In Fort Halifax Packing Co. v. Coyne, --- U.S. ----, 107 S.Ct. 2211, 96 L.Ed.2d 1 (1987), the Supreme Court further considered the meaning of the phrase "relate to any employee benefit plan." In Fort Halifax a Maine official sought to enforce the state statute requiring employers, in the event of a plant closing, to provide a one-time severance payment to employees not covered by express contract agreements providing for severance pay. The Court held that the Maine severance pay statute did not "relate to any employee benefit plan" under the ERISA preemption provision, 29 U.S.C. Sec. 1144(a), and thus was not preempted. Relying on the meaning and underlying purpose of section 1144(a), the Court rejected Fort Halifax's argument that any state law pertaining to a type of employee benefit listed in ERISA, such as severance pay, necessarily regulates a plan and is preempted.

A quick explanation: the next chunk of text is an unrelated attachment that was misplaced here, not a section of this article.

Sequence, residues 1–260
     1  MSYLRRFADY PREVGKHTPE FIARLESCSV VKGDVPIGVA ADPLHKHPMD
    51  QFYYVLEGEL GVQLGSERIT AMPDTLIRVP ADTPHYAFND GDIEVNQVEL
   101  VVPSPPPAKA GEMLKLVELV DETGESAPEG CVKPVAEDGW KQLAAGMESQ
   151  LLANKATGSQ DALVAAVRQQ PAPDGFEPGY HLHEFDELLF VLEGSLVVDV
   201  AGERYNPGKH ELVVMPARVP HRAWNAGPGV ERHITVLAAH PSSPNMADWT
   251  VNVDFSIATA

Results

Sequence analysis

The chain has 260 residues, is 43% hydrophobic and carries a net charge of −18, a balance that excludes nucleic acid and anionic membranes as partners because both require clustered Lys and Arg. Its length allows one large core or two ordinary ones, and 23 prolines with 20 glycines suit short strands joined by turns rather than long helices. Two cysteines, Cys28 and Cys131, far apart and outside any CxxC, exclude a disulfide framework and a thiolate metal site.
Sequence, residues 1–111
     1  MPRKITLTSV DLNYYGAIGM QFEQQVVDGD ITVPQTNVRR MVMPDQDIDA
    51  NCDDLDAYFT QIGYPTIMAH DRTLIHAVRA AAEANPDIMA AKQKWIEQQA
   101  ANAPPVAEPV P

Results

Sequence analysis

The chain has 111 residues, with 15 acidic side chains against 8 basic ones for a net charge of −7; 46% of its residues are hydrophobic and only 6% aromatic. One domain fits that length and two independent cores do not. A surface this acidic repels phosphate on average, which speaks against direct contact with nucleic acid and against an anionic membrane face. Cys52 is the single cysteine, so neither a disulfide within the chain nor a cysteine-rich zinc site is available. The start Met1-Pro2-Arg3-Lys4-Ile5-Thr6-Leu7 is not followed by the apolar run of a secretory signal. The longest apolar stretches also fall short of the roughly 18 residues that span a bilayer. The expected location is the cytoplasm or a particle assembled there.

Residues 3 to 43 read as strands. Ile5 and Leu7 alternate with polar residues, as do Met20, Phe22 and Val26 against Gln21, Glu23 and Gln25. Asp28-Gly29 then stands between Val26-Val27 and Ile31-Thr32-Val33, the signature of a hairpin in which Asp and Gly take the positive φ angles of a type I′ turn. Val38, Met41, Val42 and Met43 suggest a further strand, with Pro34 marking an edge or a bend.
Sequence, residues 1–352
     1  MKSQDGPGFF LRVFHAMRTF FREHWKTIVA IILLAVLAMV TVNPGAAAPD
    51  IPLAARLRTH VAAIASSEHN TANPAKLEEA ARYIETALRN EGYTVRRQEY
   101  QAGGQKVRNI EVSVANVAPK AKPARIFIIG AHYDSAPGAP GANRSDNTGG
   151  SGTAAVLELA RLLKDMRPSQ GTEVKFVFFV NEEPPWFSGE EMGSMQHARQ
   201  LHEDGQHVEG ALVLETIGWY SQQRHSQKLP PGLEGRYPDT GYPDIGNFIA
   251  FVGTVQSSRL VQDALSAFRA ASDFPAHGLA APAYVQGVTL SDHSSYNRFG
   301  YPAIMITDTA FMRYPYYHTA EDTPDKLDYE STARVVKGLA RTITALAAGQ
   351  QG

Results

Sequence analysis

Section 1144(a), the Court noted, expressly states that state laws are superseded to the extent they "relate to any employee benefit plan." The Court said that the preemption provision "does not refer to state laws relating to 'employee benefits,' but to state laws relating to 'employee benefit plans'." Id. at 107 S.Ct. at 2215 (emphasis original). The Court observed that ERISA uses the words "benefit" and "plan" separately throughout and nowhere treats the two as synonymous. "Given the basic difference between a 'benefit' and a 'plan,' Congress' choice of language is significant in its pre-emption of only the latter." Id. at 2216.